Let’s say you get your hands on a brand new version of SQL Server that you haven’t played with before, and you want to know what system objects have changed – DMVs, DMFs, system stored procs, yadda yadda yadda. Sure, you could read the documentation – but ain’t nobody got time for that, and they’re probably leaving out the juicy stuff, right? Here’s what I do (thanks to improvement suggestions from Kendra):

First, create a linked server between the new version and the old version. This lets us query across servers and join things together. In my examples, I’ll be running my queries on the new SQL Server, which I’ll be calling local, and the linked server will point to the remote server.

Identify new system objects with this query:

SELECT oLocal.*
FROM master.sys.all_objects oLocal
LEFT OUTER JOIN MyOldServer.master.sys.all_objects oRemote
ON oLocal.object_id = oRemote.object_id
ORDER BY oLocal.type_desc,

We’re getting all local system objects that don’t have a matching system object on the other (remote) server. The “MyOldServer” is the server name for our older SQL Server box that we’re comparing against – our linked server name. The results give you the new functions, stored procs, you name it:

Ooo! New Shiny System Objects!

We’re joining on object_id, but that’s a gamble – Microsoft could use different object_ids between versions if they wanted to. If we wanted to filter those out, we could join on name, schema_id, and type_desc (view, stored proc, etc), but that gets a little sketchy. For example, there’s now two CHECK_CONSTRAINTS views in SQL Server 2012 with different object_ids, and we wouldn’t catch that if we were only joining on names. In the below screenshot, the top result set is from SQL Server 2012, and the bottom is from SQL Server 2008R2:

One of these servers is not like the others, one of these servers just doesn’t belong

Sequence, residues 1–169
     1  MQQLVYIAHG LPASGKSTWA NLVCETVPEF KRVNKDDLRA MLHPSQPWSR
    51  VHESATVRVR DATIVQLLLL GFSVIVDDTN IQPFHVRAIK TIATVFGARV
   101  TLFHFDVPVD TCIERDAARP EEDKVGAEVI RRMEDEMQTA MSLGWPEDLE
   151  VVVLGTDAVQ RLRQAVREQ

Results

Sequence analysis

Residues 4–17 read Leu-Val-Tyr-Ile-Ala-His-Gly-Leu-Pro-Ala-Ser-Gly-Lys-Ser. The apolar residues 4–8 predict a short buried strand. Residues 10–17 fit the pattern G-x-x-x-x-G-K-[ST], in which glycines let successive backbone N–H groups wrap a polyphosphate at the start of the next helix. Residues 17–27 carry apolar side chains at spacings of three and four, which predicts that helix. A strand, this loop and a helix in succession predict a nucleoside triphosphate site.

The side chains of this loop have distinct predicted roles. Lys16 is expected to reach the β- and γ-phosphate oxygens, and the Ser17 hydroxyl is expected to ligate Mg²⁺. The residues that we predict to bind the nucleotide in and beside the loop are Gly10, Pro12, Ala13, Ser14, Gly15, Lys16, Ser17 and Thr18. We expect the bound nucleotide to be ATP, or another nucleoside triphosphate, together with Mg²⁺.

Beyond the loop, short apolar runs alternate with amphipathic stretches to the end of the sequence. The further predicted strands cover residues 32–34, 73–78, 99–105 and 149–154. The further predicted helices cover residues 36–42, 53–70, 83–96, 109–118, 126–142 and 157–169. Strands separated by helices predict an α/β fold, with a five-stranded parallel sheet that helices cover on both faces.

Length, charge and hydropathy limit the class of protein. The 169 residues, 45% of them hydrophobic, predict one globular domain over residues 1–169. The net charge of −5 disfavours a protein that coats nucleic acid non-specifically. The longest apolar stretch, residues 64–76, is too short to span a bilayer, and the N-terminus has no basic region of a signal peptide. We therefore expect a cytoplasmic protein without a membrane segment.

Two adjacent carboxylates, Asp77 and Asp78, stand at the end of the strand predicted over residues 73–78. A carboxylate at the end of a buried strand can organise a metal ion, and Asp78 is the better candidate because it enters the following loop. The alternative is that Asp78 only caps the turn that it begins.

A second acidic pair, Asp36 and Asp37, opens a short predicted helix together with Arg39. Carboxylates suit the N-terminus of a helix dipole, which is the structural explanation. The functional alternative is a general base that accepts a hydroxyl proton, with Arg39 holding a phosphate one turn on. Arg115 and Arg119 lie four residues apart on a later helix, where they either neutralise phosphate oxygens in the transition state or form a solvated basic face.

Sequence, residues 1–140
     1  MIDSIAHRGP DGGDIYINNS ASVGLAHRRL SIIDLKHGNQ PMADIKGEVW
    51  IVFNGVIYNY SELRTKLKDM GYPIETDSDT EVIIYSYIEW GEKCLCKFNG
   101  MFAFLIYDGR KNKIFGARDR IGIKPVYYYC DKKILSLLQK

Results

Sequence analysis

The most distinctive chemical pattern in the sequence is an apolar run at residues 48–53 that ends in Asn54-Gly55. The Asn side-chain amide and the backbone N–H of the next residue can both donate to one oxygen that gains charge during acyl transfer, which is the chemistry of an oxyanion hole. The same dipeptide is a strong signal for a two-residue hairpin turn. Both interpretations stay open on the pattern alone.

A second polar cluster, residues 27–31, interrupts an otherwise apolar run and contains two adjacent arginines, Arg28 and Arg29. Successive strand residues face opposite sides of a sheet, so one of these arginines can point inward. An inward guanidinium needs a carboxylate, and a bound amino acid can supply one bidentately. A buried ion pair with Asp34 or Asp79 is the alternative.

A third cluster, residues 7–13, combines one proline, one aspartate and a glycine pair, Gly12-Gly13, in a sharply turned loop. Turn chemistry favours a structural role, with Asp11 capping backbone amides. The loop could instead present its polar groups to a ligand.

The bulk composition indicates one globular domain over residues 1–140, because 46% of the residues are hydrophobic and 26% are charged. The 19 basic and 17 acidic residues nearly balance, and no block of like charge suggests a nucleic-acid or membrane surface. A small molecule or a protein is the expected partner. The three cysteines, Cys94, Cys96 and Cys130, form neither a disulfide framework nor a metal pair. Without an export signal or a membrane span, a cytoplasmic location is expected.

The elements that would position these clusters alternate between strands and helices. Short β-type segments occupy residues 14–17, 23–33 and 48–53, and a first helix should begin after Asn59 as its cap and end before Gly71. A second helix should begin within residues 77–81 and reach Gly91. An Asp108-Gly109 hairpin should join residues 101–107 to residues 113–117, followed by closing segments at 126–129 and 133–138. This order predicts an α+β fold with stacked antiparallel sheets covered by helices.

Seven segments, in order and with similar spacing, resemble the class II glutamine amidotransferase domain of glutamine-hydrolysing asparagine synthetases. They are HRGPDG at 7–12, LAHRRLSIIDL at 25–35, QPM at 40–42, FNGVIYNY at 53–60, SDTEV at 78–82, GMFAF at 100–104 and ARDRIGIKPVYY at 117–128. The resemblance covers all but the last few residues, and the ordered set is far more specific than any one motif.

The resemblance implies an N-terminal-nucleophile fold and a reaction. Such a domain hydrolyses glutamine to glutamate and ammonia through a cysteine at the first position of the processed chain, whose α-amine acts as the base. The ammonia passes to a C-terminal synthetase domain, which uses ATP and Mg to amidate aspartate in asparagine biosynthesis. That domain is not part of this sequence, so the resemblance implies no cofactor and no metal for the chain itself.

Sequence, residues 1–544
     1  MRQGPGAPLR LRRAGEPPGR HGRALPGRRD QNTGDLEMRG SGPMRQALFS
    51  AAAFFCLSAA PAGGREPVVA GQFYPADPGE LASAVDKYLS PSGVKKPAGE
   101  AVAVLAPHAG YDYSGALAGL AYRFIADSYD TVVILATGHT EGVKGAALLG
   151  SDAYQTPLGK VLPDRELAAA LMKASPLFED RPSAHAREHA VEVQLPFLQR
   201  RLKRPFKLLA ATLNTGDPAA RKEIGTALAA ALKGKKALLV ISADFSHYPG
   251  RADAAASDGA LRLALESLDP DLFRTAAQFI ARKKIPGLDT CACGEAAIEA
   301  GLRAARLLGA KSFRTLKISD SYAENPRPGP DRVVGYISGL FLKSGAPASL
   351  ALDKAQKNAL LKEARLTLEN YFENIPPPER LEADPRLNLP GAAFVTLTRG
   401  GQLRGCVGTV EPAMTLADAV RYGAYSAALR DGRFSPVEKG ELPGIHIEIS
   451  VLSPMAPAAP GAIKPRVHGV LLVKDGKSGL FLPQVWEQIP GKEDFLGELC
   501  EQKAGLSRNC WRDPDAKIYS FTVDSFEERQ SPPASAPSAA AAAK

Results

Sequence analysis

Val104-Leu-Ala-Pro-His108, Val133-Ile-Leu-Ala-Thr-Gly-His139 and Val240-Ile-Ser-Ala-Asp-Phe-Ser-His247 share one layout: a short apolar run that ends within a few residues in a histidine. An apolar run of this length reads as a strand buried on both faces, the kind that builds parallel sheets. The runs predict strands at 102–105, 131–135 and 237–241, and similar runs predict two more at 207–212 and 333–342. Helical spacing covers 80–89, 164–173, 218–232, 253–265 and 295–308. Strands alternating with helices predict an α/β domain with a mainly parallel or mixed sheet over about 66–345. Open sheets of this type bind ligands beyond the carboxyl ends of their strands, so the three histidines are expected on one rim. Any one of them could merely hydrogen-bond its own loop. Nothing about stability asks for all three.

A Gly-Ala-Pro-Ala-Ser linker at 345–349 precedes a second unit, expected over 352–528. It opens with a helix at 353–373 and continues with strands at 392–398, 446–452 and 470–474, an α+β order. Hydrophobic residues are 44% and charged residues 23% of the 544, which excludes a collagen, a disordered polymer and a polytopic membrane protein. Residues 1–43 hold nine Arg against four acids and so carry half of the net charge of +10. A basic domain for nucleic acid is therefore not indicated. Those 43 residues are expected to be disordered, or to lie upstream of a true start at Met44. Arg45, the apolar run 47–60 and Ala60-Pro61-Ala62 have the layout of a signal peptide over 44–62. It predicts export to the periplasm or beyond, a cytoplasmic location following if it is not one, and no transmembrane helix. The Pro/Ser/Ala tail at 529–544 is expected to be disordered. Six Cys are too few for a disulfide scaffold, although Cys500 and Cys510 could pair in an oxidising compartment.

Next, we want to find new or changed columns in existing objects. Here’s how:

SELECT oLocal.type_desc,, cLocal.*
FROM master.sys.all_objects oLocal
INNER JOIN master.sys.all_columns cLocal ON oLocal.object_id = cLocal.object_id
INNER JOIN MyOldServer.master.sys.all_objects oRemote ON oLocal.object_id = oRemote.object_id
LEFT OUTER JOIN MyOldServer.master.sys.all_columns cRemote
ON oLocal.object_id = cRemote.object_id AND cLocal.column_id = cRemote.column_id --AND = COLLATE DATABASE_DEFAULT
ORDER BY oLocal.type_desc,, cLocal.column_id

Note that we’ve commented out a join on name – if you’re worried that existing columns might have changed names, that’s how you’d catch it. The results:

I see what you did there.

Presto – we can see what new instrumentation fields Microsoft is giving us. This helps script authors do a better job of testing their changes across multiple versions. When someone sends me an sp_Blitz® improvement that relies on a DMV or field I’m not familiar with, I can quickly check multiple servers to see if it’s available across all of my lab servers, or which version it appeared in.

Brent Ozar
I make Microsoft SQL Server faster and more reliable. I love teaching, travel, and laughing.

I’m mostly a figurehead here at Brent Ozar Unlimited. My true skills are menu advice, interpretive dance, and reading Wikipedia.
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  1. I tend to use BOL to see about version differences but it’s somewhat clunky. I think I’m going to try to set this up on my test lab. Thanks for the idea!

  2. You could also add in the IsMSShipped property to make sure that the objects you are looking at are actually from Microsoft. objectproperty(object_id,’IsMSShipped’) = 1

  3. Pingback: Something for the Weekend - SQL Server Links 05/04/13 • John Sansom

  4. Sweet Article Brent… it is such a great and simple approach; brillant. I am ditching a meeting just so I can try this out today. Thanks as always, you never disappoint.

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